(4) Sex is not a bona fide occupational qualification for membership in the company, as that exception is defined in N.J.S.A. 10:5-12(a).

(5) The company is not in its nature reasonably restricted exclusively to individuals of one sex, within the meaning of N.J.S.A. 10:5-12(f).

(6) The company should be ordered to offer probationary membership in the company to Hebard. Because of the strong feeling among the members of the company

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against permitting any women into membership by reason of their sex, and because many of those members have testified to their feeling that there are no conditions under which they could consider her qualified for membership, the Director should establish a procedure for objective evaluation of her performance as a probationary member and her qualifications for full membership, which would not be dependent upon any vote of the membership or the unreviewable evaluation of any superior officer or member or members of the company.

(7) The Director should establish any necessary procedures to govern the future processing of applications of the public for membership in the company which should insure that future acts of discrimination against other persons are not committed.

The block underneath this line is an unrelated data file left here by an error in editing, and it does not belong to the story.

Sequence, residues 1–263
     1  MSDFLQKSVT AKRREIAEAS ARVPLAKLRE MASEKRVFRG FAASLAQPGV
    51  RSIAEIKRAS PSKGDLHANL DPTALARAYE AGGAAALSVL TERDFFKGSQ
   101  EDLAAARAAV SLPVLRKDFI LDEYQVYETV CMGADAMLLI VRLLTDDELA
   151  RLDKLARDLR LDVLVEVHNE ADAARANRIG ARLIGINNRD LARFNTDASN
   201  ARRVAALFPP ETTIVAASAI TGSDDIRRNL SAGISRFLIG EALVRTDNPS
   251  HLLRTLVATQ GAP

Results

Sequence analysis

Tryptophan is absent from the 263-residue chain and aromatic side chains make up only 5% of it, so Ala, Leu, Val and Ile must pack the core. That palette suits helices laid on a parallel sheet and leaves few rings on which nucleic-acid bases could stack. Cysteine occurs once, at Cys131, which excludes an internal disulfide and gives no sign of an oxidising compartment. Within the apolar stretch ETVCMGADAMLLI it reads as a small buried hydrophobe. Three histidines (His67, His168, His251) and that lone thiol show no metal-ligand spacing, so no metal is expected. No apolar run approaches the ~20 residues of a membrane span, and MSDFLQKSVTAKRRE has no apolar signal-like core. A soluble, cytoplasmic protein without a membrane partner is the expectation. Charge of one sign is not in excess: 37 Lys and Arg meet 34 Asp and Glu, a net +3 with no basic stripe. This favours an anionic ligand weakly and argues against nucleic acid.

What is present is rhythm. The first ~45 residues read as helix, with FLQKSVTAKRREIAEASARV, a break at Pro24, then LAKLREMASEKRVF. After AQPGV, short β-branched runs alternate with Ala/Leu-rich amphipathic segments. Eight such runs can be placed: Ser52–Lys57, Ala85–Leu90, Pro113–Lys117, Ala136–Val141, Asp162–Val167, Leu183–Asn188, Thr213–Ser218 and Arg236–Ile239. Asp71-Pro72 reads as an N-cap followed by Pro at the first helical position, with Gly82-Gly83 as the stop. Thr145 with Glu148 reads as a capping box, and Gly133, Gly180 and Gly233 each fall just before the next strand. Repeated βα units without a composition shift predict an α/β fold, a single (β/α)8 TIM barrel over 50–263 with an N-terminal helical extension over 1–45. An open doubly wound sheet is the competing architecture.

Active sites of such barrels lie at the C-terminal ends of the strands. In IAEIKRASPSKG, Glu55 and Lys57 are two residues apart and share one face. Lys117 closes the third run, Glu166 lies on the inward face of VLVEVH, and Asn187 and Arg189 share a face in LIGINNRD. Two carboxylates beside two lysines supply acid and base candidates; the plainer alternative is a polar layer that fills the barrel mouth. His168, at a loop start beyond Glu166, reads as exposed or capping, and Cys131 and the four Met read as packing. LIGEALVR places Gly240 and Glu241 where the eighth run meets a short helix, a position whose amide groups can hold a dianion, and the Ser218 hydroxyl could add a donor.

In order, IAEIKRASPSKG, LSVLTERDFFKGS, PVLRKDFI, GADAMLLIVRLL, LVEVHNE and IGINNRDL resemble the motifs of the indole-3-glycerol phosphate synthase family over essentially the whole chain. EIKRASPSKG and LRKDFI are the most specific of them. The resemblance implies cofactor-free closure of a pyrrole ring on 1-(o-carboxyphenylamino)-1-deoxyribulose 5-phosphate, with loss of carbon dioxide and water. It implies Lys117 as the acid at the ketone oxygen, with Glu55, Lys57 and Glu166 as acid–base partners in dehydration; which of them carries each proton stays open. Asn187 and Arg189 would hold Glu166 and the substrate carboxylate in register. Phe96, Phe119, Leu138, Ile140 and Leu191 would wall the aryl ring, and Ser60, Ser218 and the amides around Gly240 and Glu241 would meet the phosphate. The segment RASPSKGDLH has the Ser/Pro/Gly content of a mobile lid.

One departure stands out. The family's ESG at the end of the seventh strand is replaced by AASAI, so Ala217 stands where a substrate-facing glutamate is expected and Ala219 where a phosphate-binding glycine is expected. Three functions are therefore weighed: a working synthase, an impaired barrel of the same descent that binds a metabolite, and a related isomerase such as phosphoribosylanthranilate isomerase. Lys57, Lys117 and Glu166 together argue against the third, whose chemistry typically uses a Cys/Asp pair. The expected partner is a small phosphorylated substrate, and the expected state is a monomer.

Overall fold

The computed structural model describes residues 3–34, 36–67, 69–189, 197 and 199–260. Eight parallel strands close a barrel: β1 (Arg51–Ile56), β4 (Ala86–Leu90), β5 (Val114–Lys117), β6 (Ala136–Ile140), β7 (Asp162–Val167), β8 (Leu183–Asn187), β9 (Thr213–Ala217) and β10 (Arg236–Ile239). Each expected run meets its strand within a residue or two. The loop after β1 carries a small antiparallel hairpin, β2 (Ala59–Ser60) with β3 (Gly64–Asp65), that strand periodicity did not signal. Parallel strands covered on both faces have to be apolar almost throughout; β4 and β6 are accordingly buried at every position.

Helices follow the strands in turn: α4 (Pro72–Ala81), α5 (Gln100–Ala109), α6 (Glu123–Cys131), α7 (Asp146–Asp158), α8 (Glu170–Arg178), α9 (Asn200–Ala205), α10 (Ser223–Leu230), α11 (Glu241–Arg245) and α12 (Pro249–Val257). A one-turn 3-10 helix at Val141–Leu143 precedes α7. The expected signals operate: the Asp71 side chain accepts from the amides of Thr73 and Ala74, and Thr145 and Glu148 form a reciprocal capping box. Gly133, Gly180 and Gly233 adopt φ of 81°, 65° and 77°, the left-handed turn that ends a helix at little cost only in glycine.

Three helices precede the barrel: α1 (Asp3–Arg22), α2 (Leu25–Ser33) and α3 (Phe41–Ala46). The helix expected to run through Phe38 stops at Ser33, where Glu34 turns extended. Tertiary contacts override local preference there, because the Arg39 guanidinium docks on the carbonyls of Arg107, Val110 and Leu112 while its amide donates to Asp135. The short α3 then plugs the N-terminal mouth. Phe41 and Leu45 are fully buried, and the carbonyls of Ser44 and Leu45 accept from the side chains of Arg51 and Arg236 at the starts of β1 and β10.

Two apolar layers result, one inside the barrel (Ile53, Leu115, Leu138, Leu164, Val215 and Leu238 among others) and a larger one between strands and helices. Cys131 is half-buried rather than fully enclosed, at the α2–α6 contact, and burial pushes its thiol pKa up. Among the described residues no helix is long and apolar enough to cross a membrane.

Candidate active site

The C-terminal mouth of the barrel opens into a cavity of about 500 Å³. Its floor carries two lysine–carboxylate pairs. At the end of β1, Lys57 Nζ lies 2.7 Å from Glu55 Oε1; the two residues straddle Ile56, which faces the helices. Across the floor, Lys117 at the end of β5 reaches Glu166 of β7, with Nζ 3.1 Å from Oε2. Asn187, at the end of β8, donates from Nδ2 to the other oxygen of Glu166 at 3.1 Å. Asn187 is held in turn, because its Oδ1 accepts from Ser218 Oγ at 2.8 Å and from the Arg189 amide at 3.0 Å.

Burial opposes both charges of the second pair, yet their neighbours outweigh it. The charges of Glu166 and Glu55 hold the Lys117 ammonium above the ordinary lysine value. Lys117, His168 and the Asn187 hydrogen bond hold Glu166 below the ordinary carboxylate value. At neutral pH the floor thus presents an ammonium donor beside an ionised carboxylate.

The Director concurred in these findings, except that since Hebard was no longer within the geographical area served by the company, the latter was relieved of the obligation of offering membership to her. Accordingly, among other things, the Director ordered the company:

(1) To cease and desist their violation of the law.

(2) To change existing policies regarding the exclusion of women, granting them the same advantages as previously offered to men.

(3) To submit its rules regarding this subject to the Division for approval over the next two years.

(4) Not to engage in any retaliatory conduct.

(5) To amend its constitution and by-laws generally so as to comply with what constitutes substantially the provisions of N.J.A.C. 13:12-1.1, which provides membership procedures for volunteer fire companies and first aid squads, effective June 25, 1974.*fn2